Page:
Barbiturate Toxicity Workup

Updated: Jan 14, 2017
  • Author: Keith A Lafferty, MD; Chief Editor: Asim Tarabar, MD  more...
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Workup

Laboratory Studies

See the list below:

  • Obtain a complete blood cell count (CBC), electrolytes, BUN, creatinine, and glucose screen to distinguish barbiturate toxicity from metabolic derangements that can cause similar symptoms.

  • An arterial blood gas (ABG) measurement may help establish the presence and progress of ventilatory failure, hypoxia, and metabolic acidosis. A serum lactic acid level may assess cellular hypoperfusion.

  • Quantify serum alcohol and barbiturate concentrations (particularly phenobarbital), if possible. Phenobarbital concentrations may be useful to determine the appropriate treatment and, once initiated, efficacy of treatment (eg, urinary alkalinization, multidose charcoal, hemodialysis).

  • A urine drug screen may help establish co-ingestants though its routine use rarely alters treatment and clinical outcome. Many clinicians routinely obtain acetaminophen and salicylate levels in all overdoses. This is particularly important because barbiturates/combination drugs may contain these analgesics.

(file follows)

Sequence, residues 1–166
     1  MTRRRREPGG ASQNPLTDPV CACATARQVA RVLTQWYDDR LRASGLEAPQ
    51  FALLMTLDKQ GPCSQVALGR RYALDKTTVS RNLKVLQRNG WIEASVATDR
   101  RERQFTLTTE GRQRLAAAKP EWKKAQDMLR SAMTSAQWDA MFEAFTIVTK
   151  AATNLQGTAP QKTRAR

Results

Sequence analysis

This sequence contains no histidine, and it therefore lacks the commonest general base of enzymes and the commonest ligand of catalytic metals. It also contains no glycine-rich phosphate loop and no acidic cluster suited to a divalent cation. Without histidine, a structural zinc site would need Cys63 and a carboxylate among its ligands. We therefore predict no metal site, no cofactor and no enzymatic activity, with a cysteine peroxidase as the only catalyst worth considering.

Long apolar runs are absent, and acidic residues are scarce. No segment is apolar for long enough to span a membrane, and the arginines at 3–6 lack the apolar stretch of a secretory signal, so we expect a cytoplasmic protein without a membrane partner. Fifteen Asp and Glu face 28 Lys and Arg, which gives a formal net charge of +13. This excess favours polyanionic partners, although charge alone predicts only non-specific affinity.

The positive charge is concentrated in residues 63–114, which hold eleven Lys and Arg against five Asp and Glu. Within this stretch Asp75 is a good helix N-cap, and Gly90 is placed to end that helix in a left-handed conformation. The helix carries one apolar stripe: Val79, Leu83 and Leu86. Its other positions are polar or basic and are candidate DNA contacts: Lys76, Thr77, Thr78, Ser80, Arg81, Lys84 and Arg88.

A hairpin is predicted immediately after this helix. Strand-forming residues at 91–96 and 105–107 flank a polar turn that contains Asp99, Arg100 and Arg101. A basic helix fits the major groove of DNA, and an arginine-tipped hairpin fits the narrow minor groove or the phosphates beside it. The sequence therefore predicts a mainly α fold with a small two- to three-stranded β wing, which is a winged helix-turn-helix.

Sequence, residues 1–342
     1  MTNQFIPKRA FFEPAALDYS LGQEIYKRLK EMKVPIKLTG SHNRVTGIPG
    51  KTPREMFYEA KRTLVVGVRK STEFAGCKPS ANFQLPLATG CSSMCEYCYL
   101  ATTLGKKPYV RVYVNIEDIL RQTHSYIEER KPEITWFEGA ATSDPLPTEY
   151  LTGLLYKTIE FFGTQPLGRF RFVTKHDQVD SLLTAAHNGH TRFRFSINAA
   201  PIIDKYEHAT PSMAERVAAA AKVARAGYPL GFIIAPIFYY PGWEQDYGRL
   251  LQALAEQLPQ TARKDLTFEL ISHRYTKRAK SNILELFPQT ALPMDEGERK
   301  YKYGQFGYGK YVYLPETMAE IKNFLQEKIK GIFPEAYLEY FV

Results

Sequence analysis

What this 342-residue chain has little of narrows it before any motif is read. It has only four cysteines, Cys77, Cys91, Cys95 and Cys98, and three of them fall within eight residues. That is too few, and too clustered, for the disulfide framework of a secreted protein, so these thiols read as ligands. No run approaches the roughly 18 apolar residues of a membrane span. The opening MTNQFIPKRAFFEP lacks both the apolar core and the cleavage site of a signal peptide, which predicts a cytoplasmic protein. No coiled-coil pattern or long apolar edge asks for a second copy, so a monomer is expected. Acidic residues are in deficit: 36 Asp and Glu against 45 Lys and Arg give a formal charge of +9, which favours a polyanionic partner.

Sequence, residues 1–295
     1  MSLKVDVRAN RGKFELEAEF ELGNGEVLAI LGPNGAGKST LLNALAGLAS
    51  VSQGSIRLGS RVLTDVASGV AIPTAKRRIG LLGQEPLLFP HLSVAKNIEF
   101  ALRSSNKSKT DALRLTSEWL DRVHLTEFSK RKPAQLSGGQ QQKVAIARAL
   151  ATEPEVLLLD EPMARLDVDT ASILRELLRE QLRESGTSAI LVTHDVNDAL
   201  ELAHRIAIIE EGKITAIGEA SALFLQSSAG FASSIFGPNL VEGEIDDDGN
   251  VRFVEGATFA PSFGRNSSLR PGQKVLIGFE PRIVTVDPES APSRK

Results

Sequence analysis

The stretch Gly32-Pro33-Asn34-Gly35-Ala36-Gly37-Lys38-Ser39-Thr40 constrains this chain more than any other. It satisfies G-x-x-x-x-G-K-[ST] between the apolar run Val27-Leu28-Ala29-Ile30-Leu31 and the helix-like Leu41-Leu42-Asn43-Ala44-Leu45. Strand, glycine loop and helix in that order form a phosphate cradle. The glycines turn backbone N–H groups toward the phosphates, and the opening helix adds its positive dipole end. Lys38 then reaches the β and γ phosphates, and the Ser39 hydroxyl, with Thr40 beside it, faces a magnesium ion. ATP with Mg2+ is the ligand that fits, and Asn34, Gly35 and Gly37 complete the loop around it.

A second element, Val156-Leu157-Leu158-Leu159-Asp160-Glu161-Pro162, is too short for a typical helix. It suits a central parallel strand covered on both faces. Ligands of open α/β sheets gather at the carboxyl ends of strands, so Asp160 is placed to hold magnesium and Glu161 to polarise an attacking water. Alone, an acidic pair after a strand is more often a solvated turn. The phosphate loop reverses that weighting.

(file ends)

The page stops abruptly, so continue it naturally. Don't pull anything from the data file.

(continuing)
• Blood ethanol concentration may co-ingestants though its routine use rarely alters treatment and clinical outcome. Be aware of alcohol co-ingestion since a synergistic effect between alcohol and barbiturates may be expected.

  • Obtain a pregnancy test in women of childbearing age.

Barbiturate plasma concentrations aid in diagnosis and help determine whether to institute methods to enhance elimination and if so, whether these methods are effective. They are not accurate for predicting the duration or severity of toxicity. Considerations are as follows:

  • For short-acting barbiturates, a level of 35 mg/L carries an unfavorable prognosis.

  • For long-acting barbiturates, a level of 90 mg/L carries an unfavorable prognosis.

  • These levels do not apply to long-term barbiturate abusers.

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Other Tests

 

 

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Electrocardiography

Considerations regarding electrocardiography include the following:

  • In the hypothermic patient, awareness of any rhythm disturbances is important.

  • When the core temperature is below 30ºC (90ºF), risk of ventricular fibrillation is increased.

  • Higher toxic doses may induce bradydysrhythmias.

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